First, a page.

The St. Cloud Times Editorial Board’s latest editorial could’ve been written by Moms Demand Action. The sad thing is that the Times is just as uninformed now as it was a year ago.
For instance, their chief recommendation is “Improving background checks. There are a variety of proposals in Congress that are reasonable. A good starting point is the long-proposed plan to require background checks for all gun purchases online and at gun shows. Unfortunately, the Senate, the day after the San Bernardino shootings, rejected this proposal 50-48. It was the second failure of the measure. It also rejected 55-45 a proposal to prevent people on the terrorist watch list from being able to legally buy guns.”
First, the Times should read the existing laws. Sean Davis, the founder of The Federalist, did. Then he wrote this post demolishing the myths that the Times still perpetuates:
1) The ‘Gun Show Loophole’ Allows Anyone, Even Criminals, To Get Guns
In reality, the so-called “gun show loophole” is a myth. It does not exist. There is no loophole in federal law that specifically exempts gun show transactions from any other laws normally applied to gun sales. Not one.
If you purchase a firearm from a federal firearms licensee (FFL) regardless of the location of the transaction — a gun store, a gun show, a gun dealer’s car trunk, etc. — that FFL must confirm that you are legally allowed to purchase that gun. That means the FFL must either run a background check on you via the federal NICS database, or confirm that you have passed a background check by examining your state-issued concealed carry permit or your government-issued purchase permit. There are zero exceptions to this federal requirement.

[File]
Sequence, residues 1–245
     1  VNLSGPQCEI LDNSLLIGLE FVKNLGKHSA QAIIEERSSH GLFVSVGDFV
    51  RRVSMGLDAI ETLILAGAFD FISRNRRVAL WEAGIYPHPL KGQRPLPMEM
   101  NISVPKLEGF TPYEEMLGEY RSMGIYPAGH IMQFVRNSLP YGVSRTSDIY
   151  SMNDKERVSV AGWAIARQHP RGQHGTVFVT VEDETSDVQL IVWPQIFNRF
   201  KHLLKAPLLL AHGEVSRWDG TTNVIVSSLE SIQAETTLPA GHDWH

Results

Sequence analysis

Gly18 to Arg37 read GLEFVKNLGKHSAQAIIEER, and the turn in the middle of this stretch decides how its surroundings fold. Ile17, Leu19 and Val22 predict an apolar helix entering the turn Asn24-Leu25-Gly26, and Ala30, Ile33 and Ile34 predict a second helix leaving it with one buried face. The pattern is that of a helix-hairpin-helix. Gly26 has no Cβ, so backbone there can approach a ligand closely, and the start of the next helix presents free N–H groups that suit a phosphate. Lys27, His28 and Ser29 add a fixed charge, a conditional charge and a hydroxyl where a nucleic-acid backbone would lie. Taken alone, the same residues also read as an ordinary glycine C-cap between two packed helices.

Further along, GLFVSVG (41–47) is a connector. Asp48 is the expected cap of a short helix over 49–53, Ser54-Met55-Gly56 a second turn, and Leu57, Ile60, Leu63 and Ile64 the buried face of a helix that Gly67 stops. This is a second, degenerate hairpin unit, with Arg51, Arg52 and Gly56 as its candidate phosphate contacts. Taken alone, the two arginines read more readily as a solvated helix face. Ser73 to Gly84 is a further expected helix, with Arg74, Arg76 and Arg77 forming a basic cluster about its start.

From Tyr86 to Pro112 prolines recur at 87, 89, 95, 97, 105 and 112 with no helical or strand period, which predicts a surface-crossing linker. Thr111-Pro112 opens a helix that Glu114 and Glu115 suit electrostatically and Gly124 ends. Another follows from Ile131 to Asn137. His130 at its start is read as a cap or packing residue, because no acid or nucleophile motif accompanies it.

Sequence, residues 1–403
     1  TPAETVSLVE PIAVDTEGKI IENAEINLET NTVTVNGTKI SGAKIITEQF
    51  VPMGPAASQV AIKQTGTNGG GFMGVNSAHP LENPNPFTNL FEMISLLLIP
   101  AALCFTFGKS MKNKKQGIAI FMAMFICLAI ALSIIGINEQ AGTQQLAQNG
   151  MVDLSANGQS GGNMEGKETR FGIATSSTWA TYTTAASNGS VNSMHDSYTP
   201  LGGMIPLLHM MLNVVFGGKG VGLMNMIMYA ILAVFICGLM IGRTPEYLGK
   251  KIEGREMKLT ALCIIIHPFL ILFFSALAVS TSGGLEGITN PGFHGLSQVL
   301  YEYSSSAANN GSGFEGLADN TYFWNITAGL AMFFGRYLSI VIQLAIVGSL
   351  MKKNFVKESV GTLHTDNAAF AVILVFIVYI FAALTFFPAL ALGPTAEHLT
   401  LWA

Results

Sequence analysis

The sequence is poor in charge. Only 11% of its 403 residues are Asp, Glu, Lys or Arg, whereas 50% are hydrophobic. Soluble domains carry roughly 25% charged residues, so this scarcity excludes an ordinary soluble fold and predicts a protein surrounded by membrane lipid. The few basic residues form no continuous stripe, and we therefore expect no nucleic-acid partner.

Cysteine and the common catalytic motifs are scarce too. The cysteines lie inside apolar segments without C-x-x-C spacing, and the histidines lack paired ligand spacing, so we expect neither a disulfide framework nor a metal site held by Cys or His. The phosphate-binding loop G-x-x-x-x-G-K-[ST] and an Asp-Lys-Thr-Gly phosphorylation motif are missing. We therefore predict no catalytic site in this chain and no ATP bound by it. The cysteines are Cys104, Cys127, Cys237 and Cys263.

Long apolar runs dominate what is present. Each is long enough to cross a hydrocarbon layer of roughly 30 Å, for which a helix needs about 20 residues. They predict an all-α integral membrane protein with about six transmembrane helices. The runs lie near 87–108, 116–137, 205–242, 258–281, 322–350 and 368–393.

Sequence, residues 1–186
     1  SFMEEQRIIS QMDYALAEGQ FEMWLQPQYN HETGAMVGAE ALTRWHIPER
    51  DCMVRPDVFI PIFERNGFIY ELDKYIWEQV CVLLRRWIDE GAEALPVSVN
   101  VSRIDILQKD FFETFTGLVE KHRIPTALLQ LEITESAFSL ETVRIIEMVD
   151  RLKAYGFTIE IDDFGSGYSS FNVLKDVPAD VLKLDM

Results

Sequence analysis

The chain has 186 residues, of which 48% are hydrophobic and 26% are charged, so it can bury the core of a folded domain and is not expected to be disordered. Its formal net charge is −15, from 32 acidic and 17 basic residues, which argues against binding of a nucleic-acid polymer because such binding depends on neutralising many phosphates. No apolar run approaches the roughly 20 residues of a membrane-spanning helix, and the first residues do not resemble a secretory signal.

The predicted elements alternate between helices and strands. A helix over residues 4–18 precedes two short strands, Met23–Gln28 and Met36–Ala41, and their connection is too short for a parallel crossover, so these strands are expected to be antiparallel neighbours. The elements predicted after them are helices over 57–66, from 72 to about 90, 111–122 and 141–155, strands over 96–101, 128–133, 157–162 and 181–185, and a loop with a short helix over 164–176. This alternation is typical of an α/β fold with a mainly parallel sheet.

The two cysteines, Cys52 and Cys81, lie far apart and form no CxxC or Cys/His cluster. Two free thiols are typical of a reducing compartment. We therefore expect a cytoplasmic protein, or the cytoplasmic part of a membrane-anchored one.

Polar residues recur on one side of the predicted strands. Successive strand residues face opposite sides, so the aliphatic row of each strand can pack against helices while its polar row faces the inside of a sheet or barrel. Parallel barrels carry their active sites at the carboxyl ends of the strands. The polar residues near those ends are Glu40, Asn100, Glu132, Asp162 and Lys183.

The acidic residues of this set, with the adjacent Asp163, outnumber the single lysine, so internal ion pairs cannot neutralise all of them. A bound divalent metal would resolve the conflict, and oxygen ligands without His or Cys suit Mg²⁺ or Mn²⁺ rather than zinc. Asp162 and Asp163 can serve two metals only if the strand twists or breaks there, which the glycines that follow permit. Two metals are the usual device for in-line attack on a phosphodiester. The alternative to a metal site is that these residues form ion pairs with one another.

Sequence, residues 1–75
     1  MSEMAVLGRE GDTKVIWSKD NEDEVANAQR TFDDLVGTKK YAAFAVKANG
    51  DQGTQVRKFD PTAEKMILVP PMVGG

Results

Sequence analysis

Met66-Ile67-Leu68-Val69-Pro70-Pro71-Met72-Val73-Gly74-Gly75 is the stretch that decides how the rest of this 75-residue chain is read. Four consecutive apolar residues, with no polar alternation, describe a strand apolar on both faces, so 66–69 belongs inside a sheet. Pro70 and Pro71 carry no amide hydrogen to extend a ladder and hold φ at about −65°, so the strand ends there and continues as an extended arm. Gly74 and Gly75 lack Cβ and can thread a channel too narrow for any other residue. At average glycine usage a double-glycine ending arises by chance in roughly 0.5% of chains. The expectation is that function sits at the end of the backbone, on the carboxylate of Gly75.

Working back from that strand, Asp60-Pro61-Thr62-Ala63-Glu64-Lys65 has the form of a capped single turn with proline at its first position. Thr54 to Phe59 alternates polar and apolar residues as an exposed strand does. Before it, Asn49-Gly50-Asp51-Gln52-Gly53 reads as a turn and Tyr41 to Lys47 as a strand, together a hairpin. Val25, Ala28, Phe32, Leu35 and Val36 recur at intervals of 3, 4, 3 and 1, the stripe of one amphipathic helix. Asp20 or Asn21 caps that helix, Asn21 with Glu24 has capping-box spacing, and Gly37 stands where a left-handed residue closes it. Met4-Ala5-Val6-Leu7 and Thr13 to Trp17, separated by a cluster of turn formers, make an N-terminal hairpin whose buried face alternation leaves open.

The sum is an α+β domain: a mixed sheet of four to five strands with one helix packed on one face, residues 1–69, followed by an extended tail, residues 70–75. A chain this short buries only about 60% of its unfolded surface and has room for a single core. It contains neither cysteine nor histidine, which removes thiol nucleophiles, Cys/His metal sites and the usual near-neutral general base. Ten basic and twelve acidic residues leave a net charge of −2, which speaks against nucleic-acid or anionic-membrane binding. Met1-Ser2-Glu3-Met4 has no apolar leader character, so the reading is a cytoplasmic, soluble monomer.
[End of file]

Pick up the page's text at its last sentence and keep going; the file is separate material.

If an individual purchases a gun across state lines, from an individual or FFL which resides in a different state than the buyer, the buyer must undergo a background check, and the sale must be processed by an FFL in the buyer’s home state.
Here’s a pointed question for the TEB (Times Editorial Board): Do we need multiple federal laws covering the same situation? Here’s another question for the TEB: Might it not be better if we just enforced the laws that already address these situations?
Further, I wrote this article to highlight the fact that the federal government failed to do what it’s supposed to do. It won’t do any good to write new laws if the federal government won’t consistently and efficiently enforce the laws on the books.
To be fair, the TEB did its liberal duty. It did what it’s expected to do. Unfortunately, according to chapter 1, verse 1 of the progressives’ gospel is to disseminate untruths frequently and consistently.
Authored By Let Freedom Ring Blog